I guess it well might. Even chemistry is different with deuterium. The rates of reactions are generally slower and drugs with a hydrogen replaced by deuterium at a point of metabolism are usually metabolised significantly more slowly.

        1. Field Marshal Von Krakenfart

          They should get some up to the ISS, might mike the piss recycler work a bit better

          1. dracnoc


            Bear Grylls is on the ISS?

    4. ElReg!comments!Pierre

      desalting water

      I'm guessing it could desalt water. However, we already have pretty decent (and much cheaper) filters to do that. The problem is pushing the water with enough pressure to get usable volumes on the other side (and using a filter able to withstand the pressure; a test that graphene is likely to fail.)

      1. Brian 6


        "As well as being the thinnest and strongest material known....." Strength would not be a problem.

  5. Northern Fop

    "It's being hailed as the answer to almost all tech problems"

    So, this year's carbon nanotubes then...

    1. Anonymous Coward

      Nuclear fusion, surely?

      No, wait, that's been 20 years away since the 1950s...

      1. Liam Johnson

        Graphene is the new carbon?

    2. Field Marshal Von Krakenfart

      It's being hailed as the answer to almost all tech problems

      What!! Can it debug my junior Java programmer's code, he's struggling a bit

      1. Anonymous Coward
        Anonymous Coward

        Well There's Your Problem!

        He's writing Java!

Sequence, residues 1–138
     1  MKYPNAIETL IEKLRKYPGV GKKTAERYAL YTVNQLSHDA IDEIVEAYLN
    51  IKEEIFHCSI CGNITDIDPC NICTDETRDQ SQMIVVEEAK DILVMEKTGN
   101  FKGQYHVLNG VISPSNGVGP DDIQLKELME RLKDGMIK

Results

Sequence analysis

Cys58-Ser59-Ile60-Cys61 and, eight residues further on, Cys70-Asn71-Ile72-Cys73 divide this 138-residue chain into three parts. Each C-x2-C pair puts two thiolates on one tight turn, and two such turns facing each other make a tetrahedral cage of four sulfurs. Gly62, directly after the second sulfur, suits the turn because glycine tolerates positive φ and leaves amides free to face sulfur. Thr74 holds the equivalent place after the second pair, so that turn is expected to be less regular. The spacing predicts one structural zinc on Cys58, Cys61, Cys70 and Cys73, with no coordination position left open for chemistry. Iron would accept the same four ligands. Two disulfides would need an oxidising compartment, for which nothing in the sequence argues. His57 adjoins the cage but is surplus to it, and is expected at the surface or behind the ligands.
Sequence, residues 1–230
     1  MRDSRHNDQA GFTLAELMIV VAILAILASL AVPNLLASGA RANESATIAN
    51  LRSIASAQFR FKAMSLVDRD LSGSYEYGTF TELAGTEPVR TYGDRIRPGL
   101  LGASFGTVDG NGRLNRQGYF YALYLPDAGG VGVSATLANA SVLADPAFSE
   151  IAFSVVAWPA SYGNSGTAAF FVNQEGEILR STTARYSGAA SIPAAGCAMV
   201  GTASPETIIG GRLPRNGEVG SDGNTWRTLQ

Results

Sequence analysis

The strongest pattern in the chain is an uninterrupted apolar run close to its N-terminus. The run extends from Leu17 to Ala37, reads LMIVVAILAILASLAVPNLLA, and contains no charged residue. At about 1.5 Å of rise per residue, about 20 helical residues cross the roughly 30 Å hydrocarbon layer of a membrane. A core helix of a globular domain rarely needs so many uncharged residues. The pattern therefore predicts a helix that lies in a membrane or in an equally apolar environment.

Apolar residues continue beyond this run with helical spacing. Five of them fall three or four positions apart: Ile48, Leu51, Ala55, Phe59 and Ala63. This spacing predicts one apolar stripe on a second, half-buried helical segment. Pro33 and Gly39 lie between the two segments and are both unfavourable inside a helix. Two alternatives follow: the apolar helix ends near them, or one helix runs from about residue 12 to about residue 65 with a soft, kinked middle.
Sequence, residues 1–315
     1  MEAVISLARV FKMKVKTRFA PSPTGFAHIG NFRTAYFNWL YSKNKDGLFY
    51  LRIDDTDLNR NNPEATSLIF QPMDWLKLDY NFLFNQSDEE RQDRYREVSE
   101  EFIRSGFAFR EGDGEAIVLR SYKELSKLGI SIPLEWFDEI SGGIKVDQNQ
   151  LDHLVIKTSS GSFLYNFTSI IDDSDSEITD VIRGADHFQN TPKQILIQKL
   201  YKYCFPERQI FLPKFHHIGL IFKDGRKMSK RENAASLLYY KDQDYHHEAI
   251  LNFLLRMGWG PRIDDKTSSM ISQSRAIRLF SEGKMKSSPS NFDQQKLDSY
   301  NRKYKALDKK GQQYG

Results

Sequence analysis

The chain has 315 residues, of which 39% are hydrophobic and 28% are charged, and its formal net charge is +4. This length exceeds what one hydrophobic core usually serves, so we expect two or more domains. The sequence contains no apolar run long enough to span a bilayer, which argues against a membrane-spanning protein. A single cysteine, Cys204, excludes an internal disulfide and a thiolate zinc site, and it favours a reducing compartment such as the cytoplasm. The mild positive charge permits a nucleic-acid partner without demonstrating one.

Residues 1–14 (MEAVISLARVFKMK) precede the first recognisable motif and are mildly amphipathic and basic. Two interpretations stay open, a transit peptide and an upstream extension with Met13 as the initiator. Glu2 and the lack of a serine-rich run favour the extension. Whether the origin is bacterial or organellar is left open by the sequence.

Try switching to C#, C, C++, hell I would even prefer VB!

  6. Richard Wharram

    Flying cars?


  7. JDX Gold badge

    What's so special about water that only it comes through?

    1. JimmyPage

      Waters weird

      as I vaguely recall from 30 years ago. You'd *think* it would be ionically bonded, but IIRC it's actually weakly covalent, which is why it has some odd properties which are essential to life (why do you think the first indication of life astrobiologists use is liquid water). Also remember the "anomalous expansion of water "as it cools through 4C ?

      1. Loyal Commenter


        That's not even the start of it. Water has a whole load of anomalous properties, due to various things, such as hydrogen bonding, its dihedral angle, dipole and the unbonded lone-pairs of electrons on the oxygen atom.

        A good list of these is here:

    2. stucs201

      The BBC article explains things slightly more. Apparently water gets through because the gap betweeen layers exactly fits a single water molecule, whereas everything else is the wrong size.

      1. Charles 9

        But what about Helium?

        Helium is atomic number 2, the second smallest element in existence besides Hydrogen at 1. It's atomic weight is a mere 4. And it's a noble gas, to boot, so it normally exists atomically. How can anything that allows water (which contains the much-larger oxygen atom--atomic number 8, weight 16) not allow helium. It can't be anything like a filter of sieve, since helium is smaller than water.

        1. Black Betty

          Always too much water in the way.

          Gaps in the membrane are exactly "one water wide". There's NEVER any room for anything else. As soon as there's room for a fresh water molecule at a gap, it displaces anthing which might physically occupy the space. He (and everything else) gets left behind.